5 Mar 19
Hunterston B 

Community update

5 March 2019


Dear SSG Member,


I wanted to write to you ahead of this week’s meeting of the SSG to share with you some further insight into the graphite inspection process.


As you will be aware there are a number of ways that we are able to monitor the condition of the graphite in our reactors.


While the unit is online we are able to use day-to-day control rod movements and the movement of fuel stringers during refuelling to gather information about the state of the graphite. This data helps us decide which channels we should go and look at in more detail during our inspection campaigns.


When we take the reactor offline for an inspection the way we are able to identify keyway root cracking is by using specialist equipment to film and take measurements of the inside of the graphite fuel bricks.
We do this by safely removing the fuel stringer from a channel then we pass a camera down the inside. Keyway root cracks are extremely narrow when they occur and this method allows us to observe very fine cracks, as small as 0.5mm wide; like the tip of a fine pen.


The camera’s field of vision is approximately 80 degrees so the equipment will make several passes up and down to ensure that the entire channel has been viewed. This takes approximately 30 minutes.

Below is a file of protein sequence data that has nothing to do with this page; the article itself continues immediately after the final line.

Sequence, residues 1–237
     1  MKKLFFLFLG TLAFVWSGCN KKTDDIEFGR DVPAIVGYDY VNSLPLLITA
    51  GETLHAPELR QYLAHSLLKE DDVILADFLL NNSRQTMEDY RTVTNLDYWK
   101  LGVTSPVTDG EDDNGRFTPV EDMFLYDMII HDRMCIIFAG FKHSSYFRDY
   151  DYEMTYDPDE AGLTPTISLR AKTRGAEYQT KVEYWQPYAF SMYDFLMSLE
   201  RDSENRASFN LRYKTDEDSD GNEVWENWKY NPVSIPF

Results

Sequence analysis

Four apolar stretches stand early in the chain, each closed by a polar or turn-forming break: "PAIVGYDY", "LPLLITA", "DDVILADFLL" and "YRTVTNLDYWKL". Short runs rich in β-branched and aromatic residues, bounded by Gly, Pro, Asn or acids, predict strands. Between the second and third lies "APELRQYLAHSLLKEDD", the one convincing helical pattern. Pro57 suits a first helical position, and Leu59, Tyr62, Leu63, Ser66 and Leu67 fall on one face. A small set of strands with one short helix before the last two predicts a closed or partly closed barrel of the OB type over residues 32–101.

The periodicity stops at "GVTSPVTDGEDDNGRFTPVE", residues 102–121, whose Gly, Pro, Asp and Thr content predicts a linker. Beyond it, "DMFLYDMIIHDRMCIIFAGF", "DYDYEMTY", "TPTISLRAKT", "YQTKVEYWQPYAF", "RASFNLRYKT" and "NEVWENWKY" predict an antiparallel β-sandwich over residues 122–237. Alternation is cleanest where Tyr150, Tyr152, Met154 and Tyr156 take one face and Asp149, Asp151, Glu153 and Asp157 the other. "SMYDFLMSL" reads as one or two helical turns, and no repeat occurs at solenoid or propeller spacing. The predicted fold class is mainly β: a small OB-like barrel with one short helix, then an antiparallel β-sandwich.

I understand it may be difficult to visualise easily what this footage may look like so I would like to share with you some of the video from the recent inspections. The videos we are sharing are representative examples of the kind of keyway root cracking we have observed during inspections.


You can view the footage by following the link below. Before you view the film I think it is important to set some context that you should bear in mind while watching:

  • The footage shows a very small portion of a much larger structure. A graphite fuel channel is approximately 10m high and has an internal circumference of 825mm. The field of view of the footage is around 80 degrees so you can only see approximately 180mm of the channel.
  • The NICIE camera films at close range; approximately 70mm from the surface of the graphite. This allows us to be able to detect the finest of cracks but much like taking a close-up photograph of a small insect; it can make the cracks appear larger then they would be to the naked eye.
  • Cracks are around 1mm when first observed and they are opening very slowly. The average crack size is currently approx. 2mm and we have demonstrated in our safety cases that cracks up to a width of 10mm on the inside of the fuel channel (i.e. the bore) and 18mm on the outside of the fuel channel are acceptable.
  • We are sharing footage from two channels; one in each reactor. They are representative of the kind of cracking we have observed.
  • The Reactor 4 footage is from the 2017 inspections and shows a crack that had an average width of 1mm.
  • The Reactor 3 footage is from the 2017 inspection campaign and then shows the same crack in the same channel in 2018. It shows a crack that had an average width of 1.1mm at first inspection and has grown by around 1.8mm to 2.9mm wide. It also shows an induced crack below the full height crack.

You can view the video here: https://youtu.be/hlaUky_v55I 


I look forward to speaking to you at the Site Stakeholder Group meeting on Thursday 7 March at the Waterside Hotel.


Yours sincerely,


Dr Roddy Angus
Acting Station Director

For more information

Fiona McCall
External Communications Manager (Scotland)
(T) 01355 846281
(M) 07813 232 347
fiona.mccall@edf-energy.com